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Teen Design Lab

A captivating, online platform for teenagers to inspire engagement in STEM-related research and education.

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I am a.....

  • Student
  • Directed Research Group

Tell us about your idea

The goal of this project is to create a captivating, online platform for teenagers to inspire engagement in STEM-related research and education.

There will be a myriad of features for the teenage users to interact with, among those activities are answering surveys and polls related to teenager emotions and feelings during pandemics. These surveys enable researchers within these fields to leverage the data collected and use it to create meaningful solutions to address these problems. Teens will have the opportunity to learn more about themselves, engage in research, and collect badges to display on their profiles.

Secondly, teens will have access to educational material focused on STEM education, such as robotics and computer science. The content will be video-based and will include quizzes at the end of each chapter. Upon completion of each module, teens will earn badges and certificates to display on their profiles. This curriculum will be created by educators at the University of Washington from the HCDE, CS, and Engineering departments.

Thirdly, the platform will feature a generous selection of interactive activities that are STEM centered. One such activity is a robot builder that teens will have the opportunity to design their ideal robot. Another activity is a coding sandbox that is a modified version of Scratch, which allows teens the opportunity to code their own web-based robot by using blocks.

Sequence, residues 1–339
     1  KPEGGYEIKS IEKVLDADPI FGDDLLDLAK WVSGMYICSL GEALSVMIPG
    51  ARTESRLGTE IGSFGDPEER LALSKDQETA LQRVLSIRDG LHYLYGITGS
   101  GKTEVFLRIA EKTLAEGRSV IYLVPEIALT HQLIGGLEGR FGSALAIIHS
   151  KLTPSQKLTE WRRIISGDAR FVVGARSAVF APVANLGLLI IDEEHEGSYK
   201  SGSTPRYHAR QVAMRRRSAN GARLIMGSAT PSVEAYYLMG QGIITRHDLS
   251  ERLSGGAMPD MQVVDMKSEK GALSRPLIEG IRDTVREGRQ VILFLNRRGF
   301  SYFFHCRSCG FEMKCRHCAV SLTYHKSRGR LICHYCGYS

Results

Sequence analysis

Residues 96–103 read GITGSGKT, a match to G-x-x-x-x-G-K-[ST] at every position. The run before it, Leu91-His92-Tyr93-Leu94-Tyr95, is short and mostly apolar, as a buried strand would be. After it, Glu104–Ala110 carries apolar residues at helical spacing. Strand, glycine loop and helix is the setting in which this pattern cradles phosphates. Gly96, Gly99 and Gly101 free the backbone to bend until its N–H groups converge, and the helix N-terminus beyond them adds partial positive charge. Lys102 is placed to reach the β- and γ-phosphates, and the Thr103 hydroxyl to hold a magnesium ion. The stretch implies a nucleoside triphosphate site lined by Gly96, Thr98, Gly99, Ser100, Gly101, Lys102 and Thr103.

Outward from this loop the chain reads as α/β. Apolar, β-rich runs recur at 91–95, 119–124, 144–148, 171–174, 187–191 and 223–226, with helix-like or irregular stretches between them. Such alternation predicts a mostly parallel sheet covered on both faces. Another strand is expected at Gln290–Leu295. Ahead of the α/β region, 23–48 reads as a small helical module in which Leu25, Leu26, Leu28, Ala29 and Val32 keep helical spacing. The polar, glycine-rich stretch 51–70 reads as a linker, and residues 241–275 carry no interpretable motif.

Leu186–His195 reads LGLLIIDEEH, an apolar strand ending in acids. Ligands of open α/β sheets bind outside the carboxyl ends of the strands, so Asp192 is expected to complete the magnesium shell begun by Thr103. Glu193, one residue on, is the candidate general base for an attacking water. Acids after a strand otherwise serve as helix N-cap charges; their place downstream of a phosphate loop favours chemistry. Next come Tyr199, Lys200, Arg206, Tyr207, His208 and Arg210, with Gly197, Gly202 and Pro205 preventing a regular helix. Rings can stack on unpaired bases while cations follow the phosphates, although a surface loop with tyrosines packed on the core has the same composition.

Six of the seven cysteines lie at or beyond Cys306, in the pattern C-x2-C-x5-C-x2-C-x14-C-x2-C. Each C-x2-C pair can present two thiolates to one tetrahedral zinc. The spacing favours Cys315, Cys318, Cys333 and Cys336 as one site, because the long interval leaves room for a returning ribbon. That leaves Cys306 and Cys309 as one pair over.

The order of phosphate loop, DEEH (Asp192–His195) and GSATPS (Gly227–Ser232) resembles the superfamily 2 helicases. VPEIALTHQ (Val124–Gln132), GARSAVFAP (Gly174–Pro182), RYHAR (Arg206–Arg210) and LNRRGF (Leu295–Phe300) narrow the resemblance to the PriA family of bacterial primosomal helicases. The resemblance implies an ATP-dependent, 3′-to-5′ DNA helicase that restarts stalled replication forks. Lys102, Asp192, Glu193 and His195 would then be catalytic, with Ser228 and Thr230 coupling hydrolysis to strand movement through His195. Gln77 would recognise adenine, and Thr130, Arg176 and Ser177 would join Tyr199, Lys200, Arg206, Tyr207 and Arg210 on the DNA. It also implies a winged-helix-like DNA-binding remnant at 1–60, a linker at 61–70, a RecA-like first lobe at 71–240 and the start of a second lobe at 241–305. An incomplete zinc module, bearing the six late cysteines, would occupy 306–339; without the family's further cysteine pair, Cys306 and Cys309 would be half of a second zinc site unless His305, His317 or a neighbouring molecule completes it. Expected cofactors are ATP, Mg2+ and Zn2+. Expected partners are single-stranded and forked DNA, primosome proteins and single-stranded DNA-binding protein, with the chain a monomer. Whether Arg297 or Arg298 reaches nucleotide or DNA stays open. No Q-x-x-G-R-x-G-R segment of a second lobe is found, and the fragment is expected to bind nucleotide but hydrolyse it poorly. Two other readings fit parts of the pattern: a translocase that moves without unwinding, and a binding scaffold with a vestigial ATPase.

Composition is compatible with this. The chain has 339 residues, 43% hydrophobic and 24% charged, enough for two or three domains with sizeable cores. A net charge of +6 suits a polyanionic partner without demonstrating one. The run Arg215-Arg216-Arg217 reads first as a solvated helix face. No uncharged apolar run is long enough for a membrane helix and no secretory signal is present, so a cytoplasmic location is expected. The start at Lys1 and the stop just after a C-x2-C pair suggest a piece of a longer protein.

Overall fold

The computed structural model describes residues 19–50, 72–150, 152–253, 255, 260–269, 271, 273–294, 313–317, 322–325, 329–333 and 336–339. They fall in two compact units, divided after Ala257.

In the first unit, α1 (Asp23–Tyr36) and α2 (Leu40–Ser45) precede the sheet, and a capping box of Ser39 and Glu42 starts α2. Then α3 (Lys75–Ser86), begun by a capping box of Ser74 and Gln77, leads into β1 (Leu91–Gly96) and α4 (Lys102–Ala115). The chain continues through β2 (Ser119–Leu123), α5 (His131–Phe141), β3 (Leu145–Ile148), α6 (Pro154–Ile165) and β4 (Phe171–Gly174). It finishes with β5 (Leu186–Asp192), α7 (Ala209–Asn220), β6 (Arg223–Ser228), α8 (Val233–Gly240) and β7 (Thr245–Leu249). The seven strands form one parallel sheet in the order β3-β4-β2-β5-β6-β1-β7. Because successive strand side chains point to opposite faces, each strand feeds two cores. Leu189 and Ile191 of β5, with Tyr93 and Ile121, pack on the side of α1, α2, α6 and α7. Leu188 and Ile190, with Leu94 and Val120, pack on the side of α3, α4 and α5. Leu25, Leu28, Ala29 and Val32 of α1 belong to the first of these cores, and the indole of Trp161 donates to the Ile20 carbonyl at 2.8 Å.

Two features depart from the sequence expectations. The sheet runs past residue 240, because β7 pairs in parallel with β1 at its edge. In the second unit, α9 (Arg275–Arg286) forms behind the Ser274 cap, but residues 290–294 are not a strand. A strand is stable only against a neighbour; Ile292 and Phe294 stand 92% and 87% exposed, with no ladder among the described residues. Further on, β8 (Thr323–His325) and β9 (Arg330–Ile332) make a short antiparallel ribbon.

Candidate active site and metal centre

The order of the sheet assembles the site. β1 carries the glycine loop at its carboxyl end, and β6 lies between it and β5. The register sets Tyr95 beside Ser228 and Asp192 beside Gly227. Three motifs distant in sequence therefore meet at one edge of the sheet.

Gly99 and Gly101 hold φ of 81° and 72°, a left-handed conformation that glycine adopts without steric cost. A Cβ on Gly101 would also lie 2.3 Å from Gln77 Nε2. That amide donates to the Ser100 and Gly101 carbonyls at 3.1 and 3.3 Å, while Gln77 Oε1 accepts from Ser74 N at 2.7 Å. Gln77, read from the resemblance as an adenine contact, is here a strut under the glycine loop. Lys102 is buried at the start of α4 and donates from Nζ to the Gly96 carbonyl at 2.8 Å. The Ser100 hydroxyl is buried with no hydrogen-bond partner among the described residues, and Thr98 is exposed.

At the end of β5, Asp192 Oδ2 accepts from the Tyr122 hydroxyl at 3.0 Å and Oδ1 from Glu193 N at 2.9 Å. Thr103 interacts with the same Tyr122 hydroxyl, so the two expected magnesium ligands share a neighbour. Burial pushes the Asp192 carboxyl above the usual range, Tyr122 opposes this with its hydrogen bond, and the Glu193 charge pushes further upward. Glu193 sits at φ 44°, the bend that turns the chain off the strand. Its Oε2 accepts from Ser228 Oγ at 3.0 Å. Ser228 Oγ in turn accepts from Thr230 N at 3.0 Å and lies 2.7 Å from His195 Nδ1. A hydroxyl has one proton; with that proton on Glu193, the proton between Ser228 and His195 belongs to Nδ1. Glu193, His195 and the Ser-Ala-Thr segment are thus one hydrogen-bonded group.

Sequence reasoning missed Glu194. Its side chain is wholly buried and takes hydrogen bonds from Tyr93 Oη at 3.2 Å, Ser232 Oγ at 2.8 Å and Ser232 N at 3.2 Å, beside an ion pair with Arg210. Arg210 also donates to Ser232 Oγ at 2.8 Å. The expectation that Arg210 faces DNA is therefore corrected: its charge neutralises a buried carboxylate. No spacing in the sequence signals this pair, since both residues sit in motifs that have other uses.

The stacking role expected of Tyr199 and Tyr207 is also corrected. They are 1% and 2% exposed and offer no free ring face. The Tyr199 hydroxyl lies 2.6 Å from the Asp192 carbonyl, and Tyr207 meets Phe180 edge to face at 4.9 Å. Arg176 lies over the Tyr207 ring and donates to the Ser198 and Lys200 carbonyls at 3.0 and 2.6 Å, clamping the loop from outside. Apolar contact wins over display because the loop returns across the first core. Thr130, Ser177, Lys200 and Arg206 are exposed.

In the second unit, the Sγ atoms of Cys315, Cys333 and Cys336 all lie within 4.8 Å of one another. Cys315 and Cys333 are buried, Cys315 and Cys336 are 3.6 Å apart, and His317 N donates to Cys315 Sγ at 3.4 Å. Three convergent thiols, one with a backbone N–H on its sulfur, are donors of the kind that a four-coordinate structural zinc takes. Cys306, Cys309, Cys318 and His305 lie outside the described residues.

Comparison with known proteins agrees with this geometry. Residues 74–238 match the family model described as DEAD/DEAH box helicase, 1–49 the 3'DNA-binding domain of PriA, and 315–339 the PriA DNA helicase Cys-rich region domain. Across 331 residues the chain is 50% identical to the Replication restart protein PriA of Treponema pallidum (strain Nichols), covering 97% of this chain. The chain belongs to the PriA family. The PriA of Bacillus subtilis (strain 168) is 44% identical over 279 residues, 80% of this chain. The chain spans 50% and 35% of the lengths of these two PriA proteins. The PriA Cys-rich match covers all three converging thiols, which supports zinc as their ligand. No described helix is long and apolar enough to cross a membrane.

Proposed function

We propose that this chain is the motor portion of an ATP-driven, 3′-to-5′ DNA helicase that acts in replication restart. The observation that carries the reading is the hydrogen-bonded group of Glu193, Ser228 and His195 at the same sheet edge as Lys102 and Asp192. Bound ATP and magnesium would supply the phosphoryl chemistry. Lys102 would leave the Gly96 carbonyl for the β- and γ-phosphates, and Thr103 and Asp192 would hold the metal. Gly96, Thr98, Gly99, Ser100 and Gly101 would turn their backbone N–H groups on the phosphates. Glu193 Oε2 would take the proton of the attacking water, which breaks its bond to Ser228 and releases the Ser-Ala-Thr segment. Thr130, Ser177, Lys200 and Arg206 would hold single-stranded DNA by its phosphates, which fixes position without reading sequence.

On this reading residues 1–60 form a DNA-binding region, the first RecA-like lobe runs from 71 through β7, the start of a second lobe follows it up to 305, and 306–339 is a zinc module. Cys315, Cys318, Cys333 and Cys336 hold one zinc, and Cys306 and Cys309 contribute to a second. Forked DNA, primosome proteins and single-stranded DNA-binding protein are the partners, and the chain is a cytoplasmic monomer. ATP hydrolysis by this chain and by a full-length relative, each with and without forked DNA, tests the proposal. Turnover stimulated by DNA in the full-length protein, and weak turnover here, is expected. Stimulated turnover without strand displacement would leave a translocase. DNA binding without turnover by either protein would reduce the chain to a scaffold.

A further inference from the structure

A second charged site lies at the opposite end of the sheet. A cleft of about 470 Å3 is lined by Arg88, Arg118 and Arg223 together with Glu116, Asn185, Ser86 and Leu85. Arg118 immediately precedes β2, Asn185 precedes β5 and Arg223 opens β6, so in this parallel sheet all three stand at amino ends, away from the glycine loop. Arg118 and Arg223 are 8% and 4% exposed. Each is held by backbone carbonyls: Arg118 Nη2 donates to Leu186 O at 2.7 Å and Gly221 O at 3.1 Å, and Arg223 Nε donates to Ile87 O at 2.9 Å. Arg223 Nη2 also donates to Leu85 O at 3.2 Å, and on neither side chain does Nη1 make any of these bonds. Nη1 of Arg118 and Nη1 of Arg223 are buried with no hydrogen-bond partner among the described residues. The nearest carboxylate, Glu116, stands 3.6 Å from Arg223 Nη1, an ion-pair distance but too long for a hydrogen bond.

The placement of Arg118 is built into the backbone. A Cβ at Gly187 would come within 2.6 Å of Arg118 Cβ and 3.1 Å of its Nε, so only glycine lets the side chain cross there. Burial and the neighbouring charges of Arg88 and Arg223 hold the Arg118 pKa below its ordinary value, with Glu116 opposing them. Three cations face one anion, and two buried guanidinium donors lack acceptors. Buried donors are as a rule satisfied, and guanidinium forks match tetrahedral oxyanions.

Lastly, the platform will also be used by researchers to host design challenges for teens to encourage creative thinking and co-designing impactful solutions to society's most complicated problems. In addition to these activities developed for teens, the platform will also allow researchers and educators the ability to create new surveys, basic visualizations of collected metrics, and publish research studies as well as educational content.

What part(s) of the pre-COVID school system do you wish to leave in the past? Why?

The part of the Pre-Covid school system that we definitely aim to leave behind is the gradual removal of playful learning in schools such as slashing recess hours and play among early learners. According to this article by the Washington Post[1], the American Academy of Pediatrics has denoted the importance of playful learning for children. Playful learning is crucial to the development of early learners. It also helps alleviate the stress and emotional burden that they experience. This is especially true in the time of Covid-19. Hence, we aim to deliver a platform that blends the best of education with the experimentation and playful aspect to inspire creativity and curiosity among our users. Instead of reading papers or text, videos provide a more relaxing way for learners to absorb and digest content. Furthermore, with the lockdowns in place, many students are looking for ways to participate in extra-cocurricular activities that directly correlate with their interests. Our platforms enable them to participate while at home by interacting with surveys and studies related to their interests. We are also rewarding them upon completion of these activities, which helps create a sense of accomplishment during these tiring times. [1] Strauss, V. (2020, April 08). Perspective | A proposal for what post-coronavirus schools should do (instead of what they used to do). Retrieved from: